Adaptation is necessary when an environment becomes less favourable. So, as the global outlook assumes a gloomier cast, we believe investors should look beyond the comfort of conventional asset classes and bolster their portfolios with less familiar – and less correlated – assets.
Recent headlines provide no shortage of alarming developments: a lurch towards protectionism, the fractious Brexit process and the broader rise of populist politics across the globe. Certainly, there are few signs that the underlying drivers of populism are waning. This means that investors will need to contend with political risk and its fallout for a long time to come.
Investors will also have to factor in weaker long-term growth rates in many economies.
We already see signs that ageing populations are weighing on growth across a range of developed markets and even in some emerging markets. Meanwhile, there is clear evidence that labour productivity is rising at a slower rate, providing an additional headwind for growth. The upshot is that the speed limit for the global economy looks to be stuck permanently lower.
The combination of low growth, weak inflation and low interest rates has prompted renewed interest in the concept of secular stagnation. This argues that the global economy is stuck in a rut because of an excess of saving over investment, even with such historically low interest rates. Another way of putting this is that weak growth reflects a shortfall in aggregate demand, rather than just supply issues. The debate over secular stagnation remains an academic and political one. Nevertheless, there are few signs that policymakers are set to deliver the comprehensive policies and major reforms required to rouse the global economy out of its funk. Hence, low growth, inflation and interest rates are likely to define the investment environment for the next five years and possibly beyond.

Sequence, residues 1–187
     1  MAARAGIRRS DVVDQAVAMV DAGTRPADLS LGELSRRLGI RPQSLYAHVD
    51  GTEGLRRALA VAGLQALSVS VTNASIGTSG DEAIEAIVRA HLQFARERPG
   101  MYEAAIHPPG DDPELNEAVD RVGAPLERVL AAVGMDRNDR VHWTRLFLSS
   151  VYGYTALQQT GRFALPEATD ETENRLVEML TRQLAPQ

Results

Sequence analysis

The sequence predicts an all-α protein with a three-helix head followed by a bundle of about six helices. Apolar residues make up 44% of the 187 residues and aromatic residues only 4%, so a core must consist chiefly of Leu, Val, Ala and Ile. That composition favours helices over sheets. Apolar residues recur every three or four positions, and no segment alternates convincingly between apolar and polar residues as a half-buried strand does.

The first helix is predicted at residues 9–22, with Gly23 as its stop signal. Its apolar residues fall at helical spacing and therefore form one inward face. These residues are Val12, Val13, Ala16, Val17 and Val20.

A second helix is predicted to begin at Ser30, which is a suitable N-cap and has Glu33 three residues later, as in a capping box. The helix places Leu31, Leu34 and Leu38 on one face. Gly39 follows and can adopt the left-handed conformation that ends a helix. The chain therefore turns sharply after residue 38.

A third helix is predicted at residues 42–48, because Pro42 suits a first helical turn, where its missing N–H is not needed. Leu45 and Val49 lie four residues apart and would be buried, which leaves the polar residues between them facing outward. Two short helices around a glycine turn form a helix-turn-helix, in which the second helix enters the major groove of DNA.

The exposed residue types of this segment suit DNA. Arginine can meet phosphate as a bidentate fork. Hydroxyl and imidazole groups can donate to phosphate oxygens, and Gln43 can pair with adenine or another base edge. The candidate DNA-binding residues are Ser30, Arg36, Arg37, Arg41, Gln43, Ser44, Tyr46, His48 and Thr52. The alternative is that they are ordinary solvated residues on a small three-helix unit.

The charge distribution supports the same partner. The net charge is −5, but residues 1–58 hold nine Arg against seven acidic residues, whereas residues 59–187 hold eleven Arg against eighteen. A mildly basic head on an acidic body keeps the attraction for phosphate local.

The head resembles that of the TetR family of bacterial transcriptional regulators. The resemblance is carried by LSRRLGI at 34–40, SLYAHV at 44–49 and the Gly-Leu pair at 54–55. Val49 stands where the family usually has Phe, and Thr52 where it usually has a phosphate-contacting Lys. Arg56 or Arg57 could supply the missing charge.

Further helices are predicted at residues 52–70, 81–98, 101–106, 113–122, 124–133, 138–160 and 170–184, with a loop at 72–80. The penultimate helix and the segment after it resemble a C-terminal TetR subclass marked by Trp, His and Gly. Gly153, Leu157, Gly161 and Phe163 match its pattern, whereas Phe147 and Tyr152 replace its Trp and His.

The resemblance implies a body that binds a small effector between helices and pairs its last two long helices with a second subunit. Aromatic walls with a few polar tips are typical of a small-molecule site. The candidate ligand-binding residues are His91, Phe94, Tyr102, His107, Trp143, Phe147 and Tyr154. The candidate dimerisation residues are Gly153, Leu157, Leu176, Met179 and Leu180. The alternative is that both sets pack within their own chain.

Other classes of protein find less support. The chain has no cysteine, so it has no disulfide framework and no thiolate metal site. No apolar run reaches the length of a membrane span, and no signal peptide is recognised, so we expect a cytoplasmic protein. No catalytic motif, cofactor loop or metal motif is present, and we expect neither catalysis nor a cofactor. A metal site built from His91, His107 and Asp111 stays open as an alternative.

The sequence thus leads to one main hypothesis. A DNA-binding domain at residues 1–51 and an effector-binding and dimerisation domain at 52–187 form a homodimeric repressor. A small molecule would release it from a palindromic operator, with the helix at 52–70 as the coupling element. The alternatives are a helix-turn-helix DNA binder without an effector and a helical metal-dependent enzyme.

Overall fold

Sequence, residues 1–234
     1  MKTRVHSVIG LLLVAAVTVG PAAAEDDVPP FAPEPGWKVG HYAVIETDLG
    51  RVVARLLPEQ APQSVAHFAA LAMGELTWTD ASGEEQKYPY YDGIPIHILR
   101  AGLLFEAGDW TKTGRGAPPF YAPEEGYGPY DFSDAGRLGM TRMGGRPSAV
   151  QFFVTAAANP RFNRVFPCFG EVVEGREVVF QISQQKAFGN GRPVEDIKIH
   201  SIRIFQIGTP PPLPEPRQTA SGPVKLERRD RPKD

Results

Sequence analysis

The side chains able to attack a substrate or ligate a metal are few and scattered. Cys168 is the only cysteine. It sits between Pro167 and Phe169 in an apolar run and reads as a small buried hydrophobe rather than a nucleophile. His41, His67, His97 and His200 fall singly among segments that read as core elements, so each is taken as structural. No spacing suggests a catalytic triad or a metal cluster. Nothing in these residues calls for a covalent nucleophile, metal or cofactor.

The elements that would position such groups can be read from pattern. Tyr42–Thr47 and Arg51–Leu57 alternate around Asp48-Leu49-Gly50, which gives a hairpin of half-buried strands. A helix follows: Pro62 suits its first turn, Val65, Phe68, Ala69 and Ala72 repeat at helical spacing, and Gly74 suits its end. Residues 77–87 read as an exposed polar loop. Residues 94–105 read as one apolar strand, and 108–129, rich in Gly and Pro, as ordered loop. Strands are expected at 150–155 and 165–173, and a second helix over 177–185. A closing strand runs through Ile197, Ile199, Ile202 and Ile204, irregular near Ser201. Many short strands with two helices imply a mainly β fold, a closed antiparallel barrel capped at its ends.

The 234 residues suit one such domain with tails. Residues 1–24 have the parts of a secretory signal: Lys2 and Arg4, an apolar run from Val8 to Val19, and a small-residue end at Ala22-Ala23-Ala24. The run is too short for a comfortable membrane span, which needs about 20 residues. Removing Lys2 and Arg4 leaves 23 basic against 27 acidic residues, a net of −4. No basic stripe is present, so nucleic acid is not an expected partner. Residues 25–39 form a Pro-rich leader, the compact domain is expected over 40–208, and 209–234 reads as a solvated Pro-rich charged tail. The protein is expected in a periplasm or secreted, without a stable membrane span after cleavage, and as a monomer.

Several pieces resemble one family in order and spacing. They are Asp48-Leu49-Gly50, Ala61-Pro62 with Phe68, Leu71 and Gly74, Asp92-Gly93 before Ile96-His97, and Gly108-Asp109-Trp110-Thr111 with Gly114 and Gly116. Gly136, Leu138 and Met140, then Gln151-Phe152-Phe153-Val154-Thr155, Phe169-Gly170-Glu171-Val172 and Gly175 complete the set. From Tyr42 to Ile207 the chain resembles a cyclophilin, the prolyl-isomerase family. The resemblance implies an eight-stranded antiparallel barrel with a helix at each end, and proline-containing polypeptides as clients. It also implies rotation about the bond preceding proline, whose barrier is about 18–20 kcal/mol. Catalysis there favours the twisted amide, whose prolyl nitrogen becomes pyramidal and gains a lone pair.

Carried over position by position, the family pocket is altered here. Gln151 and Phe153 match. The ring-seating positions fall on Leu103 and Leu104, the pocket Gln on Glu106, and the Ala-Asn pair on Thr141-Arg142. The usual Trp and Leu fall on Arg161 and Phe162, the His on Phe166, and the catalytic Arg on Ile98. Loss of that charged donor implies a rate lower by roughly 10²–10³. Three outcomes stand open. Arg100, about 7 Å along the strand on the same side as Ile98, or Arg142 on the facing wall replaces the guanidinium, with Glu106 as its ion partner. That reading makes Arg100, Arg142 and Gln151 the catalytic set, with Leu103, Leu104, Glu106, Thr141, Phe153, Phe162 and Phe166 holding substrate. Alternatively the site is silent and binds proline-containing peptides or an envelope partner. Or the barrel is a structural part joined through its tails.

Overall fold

… and short-term wobbles
Stepping aside from the challenging long-term backdrop, the short-term picture has certainly soured. US-China trade tensions have steadily escalated, and there have been unfavourable political developments in countries such as the UK, Argentina, Turkey and Iran. Protectionism has taken its toll on global trade and production, with indications that some of this weakness is starting to seep into the services sector. Inflation remains stubbornly subdued in many markets, casting further doubt over the credibility of central banks’ inflation targets.
Another cause for concern is that the current business cycle is now mature. Unemployment is low in most countries and there is little spare capacity left. Corporate profit margins are coming under pressure in this environment, especially as the boost from large US tax cuts wears off. Investors are naturally becoming more fearful that the end of the cycle could be nearing.
Central banks to the rescue?